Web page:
During the legal proceedings, two defense attorneys became convinced of police misconduct and were desperate to find a way to exonerate Frye, despite his confession. In their efforts they contacted Mr. William Marston who, a few years earlier in 1915, invented the systolic blood pressure deception test, the first version of a lie detector. Marston was eager to promote his invention, so we went to the prison, administered a test on Frye, and submitted his results, He said, "I gave him [Frye] a deception test in the district jail. No one could have been more surprised than myself to find that Frye’s final story of innocence was entirely truthful! His confession to the Brown murder was a lie from start to finish."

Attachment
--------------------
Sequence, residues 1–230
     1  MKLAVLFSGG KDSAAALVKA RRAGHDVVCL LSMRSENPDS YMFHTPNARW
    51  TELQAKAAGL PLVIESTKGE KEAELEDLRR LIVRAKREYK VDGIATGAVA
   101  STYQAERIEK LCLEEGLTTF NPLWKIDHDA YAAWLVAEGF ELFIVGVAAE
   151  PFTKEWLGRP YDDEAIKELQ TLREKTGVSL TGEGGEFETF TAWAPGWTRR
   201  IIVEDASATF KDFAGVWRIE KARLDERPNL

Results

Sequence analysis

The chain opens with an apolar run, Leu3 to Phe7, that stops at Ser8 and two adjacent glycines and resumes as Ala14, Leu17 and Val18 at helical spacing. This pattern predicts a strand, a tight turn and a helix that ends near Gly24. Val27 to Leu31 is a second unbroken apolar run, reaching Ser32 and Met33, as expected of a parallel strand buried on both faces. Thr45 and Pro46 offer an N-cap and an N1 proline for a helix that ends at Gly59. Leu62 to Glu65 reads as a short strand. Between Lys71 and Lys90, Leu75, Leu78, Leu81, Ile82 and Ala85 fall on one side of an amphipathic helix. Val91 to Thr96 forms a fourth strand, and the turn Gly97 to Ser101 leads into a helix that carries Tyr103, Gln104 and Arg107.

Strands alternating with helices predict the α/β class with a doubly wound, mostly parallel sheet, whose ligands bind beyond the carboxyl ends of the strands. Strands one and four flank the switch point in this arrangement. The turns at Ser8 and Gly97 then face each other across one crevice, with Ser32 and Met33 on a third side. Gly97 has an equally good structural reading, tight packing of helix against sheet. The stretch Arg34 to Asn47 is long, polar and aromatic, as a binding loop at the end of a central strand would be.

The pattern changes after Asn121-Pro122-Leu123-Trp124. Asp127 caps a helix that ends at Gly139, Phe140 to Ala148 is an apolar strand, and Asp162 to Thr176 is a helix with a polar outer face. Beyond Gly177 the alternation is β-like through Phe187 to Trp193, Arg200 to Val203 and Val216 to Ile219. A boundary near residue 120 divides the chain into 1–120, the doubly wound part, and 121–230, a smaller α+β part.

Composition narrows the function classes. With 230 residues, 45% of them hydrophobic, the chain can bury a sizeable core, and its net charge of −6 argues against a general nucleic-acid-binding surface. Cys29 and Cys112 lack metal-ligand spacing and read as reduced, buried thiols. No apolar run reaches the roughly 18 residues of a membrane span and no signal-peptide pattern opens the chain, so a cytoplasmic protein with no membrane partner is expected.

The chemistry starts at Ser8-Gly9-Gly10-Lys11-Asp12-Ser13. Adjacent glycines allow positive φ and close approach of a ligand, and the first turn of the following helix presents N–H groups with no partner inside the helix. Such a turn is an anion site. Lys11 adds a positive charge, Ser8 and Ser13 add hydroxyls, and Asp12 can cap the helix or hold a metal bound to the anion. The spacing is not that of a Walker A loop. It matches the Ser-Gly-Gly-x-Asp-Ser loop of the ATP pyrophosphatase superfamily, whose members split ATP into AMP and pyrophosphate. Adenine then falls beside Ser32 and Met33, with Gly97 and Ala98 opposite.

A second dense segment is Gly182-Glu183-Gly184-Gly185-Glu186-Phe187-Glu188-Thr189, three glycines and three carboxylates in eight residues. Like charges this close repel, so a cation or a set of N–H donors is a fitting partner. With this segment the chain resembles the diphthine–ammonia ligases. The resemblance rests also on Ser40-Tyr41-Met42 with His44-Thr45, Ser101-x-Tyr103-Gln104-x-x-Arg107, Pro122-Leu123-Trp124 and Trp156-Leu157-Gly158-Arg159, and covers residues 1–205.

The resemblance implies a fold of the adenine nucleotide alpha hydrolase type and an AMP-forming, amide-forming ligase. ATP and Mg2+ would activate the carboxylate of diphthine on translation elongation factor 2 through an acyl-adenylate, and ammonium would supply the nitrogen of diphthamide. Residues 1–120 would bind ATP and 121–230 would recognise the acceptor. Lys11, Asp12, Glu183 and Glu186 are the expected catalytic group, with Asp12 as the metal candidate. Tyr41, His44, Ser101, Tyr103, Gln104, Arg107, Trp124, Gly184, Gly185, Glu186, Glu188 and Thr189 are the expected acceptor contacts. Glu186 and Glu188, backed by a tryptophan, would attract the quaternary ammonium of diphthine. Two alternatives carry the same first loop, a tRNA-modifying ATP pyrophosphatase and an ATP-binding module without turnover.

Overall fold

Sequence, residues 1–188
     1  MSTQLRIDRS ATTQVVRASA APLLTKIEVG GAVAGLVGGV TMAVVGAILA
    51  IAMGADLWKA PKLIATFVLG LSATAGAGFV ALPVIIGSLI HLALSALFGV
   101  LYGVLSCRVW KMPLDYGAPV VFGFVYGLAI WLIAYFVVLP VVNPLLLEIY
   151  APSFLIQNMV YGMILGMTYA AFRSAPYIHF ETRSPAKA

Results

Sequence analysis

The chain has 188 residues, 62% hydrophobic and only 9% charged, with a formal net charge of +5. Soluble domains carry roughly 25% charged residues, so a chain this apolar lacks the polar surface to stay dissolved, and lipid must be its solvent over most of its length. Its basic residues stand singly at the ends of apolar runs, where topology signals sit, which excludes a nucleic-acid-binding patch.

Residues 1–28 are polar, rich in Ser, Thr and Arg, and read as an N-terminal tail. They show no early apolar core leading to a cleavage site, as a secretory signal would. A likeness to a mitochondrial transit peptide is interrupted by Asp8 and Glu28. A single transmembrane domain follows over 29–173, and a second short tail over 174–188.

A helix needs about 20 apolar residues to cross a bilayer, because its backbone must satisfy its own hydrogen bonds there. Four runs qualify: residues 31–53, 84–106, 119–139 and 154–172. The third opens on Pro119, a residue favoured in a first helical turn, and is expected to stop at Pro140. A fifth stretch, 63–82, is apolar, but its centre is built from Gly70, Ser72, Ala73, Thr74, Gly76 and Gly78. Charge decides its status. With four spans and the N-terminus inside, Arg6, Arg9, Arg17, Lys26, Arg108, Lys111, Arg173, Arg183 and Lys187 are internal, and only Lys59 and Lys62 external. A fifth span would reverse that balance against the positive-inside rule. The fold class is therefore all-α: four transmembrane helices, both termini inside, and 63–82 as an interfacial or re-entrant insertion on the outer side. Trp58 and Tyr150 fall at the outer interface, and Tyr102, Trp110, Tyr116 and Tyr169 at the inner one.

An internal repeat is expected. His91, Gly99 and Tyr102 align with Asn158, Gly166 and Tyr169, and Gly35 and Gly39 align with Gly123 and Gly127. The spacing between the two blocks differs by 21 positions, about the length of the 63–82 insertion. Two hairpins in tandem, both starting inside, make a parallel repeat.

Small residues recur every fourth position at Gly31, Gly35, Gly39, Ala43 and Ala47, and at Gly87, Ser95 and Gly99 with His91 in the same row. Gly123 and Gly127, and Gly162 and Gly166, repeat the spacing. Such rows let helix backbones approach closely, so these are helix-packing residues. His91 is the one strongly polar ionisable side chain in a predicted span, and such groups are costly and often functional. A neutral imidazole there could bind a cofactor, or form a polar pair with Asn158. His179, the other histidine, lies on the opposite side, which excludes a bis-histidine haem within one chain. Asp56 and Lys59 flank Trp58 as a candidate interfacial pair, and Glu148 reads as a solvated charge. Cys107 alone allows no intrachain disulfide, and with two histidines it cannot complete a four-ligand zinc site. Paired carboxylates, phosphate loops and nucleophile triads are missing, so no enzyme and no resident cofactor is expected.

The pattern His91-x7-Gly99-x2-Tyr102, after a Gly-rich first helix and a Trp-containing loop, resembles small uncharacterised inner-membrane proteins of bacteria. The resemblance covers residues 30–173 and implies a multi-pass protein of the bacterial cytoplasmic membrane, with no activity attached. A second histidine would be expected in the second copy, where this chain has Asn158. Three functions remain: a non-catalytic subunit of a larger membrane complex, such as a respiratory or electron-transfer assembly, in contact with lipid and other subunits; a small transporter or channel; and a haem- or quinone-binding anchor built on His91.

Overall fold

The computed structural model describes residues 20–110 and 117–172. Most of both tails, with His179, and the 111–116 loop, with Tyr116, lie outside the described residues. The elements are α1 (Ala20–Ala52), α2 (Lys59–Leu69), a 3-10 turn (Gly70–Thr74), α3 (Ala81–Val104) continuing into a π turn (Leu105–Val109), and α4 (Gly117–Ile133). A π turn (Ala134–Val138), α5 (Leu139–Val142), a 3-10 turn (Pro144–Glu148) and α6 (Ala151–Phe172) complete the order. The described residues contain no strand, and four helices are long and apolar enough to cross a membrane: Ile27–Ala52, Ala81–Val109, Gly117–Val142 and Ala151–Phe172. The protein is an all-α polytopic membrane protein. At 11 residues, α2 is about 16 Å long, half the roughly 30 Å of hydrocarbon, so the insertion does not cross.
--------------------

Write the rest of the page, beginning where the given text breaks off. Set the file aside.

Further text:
The judge reviewed the testimony of Marston but promptly rejected the lie detector results. The judge stated that the lie detection apparatus was not "a matter of common knowledge." He said that when lie detectors are as common as telephones then the machines might be used to determine facts. Until then, he said, "juries must determine if a witness is truthful."
Frye was convicted of murder and sentenced to life in prison.
On appeal the judge's ruling was upheld in a terse, direct, opinion. "The thing from which a deduction is made must be sufficiently established to have gained general acceptance in the particular field in which it belongs." Thus, the exclusion of Marston's lie detector was affirmed, because the apparatus used had not yet achieved standing, therefore the testimony derived from the device must be excluded.